Legendary fund manager Li Lu (who Charlie Munger backed) once said, 'The biggest investment risk is not the volatility of prices, but whether you will suffer a permanent loss of capital.' When we think about how risky a company is, we always like to look at its use of debt, since debt overload can lead to ruin. We can see that Universal Technical Institute, Inc. (NYSE:UTI) does use debt in its business. But should shareholders be worried about its use of debt?
Why Does Debt Bring Risk?
Debt and other liabilities become risky for a business when it cannot easily fulfill those obligations, either with free cash flow or by raising capital at an attractive price. Ultimately, if the company can't fulfill its legal obligations to repay debt, shareholders could walk away with nothing. However, a more common (but still painful) scenario is that it has to raise new equity capital at a low price, thus permanently diluting shareholders. Having said that, the most common situation is where a company manages its debt reasonably well - and to its own advantage. When we examine debt levels, we first consider both cash and debt levels, together.
How Much Debt Does Universal Technical Institute Carry?
The image below, which you can click on for greater detail, shows that at March 2022 Universal Technical Institute had debt of US$48.4m, up from none in one year. But on the other hand it also has US$61.5m in cash, leading to a US$13.1m net cash position.
How Healthy Is Universal Technical Institute's Balance Sheet?
The latest balance sheet data shows that Universal Technical Institute had liabilities of US$118.4m due within a year, and liabilities of US$188.3m falling due after that. On the other hand, it had cash of US$61.5m and US$21.0m worth of receivables due within a year. So it has liabilities totalling US$224.1m more than its cash and near-term receivables, combined.
This deficit is considerable relative to its market capitalization of US$265.7m, so it does suggest shareholders should keep an eye on Universal Technical Institute's use of debt. Should its lenders demand that it shore up the balance sheet, shareholders would likely face severe dilution. While it does have liabilities worth noting, Universal Technical Institute also has more cash than debt, so we're pretty confident it can manage its debt safely.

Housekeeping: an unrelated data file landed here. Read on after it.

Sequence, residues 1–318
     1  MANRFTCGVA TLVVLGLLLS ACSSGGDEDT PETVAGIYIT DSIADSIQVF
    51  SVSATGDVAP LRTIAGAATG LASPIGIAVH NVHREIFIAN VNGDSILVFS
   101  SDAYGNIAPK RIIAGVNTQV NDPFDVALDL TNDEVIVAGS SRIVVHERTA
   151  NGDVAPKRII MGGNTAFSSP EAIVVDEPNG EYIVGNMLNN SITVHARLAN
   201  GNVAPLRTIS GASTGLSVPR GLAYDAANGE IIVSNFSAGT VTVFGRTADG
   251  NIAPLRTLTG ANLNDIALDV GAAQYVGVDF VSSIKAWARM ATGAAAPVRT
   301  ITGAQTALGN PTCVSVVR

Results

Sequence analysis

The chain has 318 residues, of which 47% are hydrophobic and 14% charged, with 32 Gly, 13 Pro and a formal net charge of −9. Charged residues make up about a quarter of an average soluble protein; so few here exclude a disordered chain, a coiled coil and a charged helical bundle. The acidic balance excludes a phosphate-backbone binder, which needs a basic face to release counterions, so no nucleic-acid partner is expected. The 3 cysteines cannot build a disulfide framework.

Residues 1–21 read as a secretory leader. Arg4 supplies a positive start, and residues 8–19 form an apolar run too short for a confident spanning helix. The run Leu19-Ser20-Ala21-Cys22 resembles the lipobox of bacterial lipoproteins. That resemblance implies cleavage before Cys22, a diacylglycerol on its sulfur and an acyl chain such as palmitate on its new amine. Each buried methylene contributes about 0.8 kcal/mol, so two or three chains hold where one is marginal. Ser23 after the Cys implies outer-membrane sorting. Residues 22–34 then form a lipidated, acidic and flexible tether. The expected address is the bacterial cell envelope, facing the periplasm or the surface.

It was also good to see that despite losing money on the EBIT line last year, Universal Technical Institute turned things around in the last 12 months, delivering and EBIT of US$34m. There's no doubt that we learn most about debt from the balance sheet. But ultimately the future profitability of the business will decide if Universal Technical Institute can strengthen its balance sheet over time. So if you want to see what the professionals think, you might find this free report on analyst profit forecasts to be interesting.
But our final consideration is also important, because a company cannot pay debt with paper profits; it needs cold hard cash. While Universal Technical Institute has net cash on its balance sheet, it's still worth taking a look at its ability to convert earnings before interest and tax (EBIT) to free cash flow, to help us understand how quickly it is building (or eroding) that cash balance. During the last year, Universal Technical Institute burned a lot of cash. While investors are no doubt expecting a reversal of that situation in due course, it clearly does mean its use of debt is more risky.
Although Universal Technical Institute's balance sheet isn't particularly strong, due to the total liabilities, it is clearly positive to see that it has net cash of US$13.1m. So while Universal Technical Institute does not have a great balance sheet, it's certainly not too bad. The balance sheet is clearly the area to focus on when you are analysing debt. However, not all investment risk resides within the balance sheet - far from it. For example Universal Technical Institute has 2 warning signs (and 1 which is potentially serious) we think you should know about.
At the end of the day, it's often better to focus on companies that are free from net debt. You can access our special list of such companies (all with a track record of profit growth). It's free.
This article by Simply Wall St is general in nature. We provide commentary based on historical data and analyst forecasts only using an unbiased methodology and our articles are not intended to be financial advice. It does not constitute a recommendation to buy or sell any stock, and does not take account of your objectives, or your financial situation. We aim to bring you long-term focused analysis driven by fundamental data. Note that our analysis may not factor in the latest price-sensitive company announcements or qualitative material. Simply Wall St has no position in any stocks mentioned.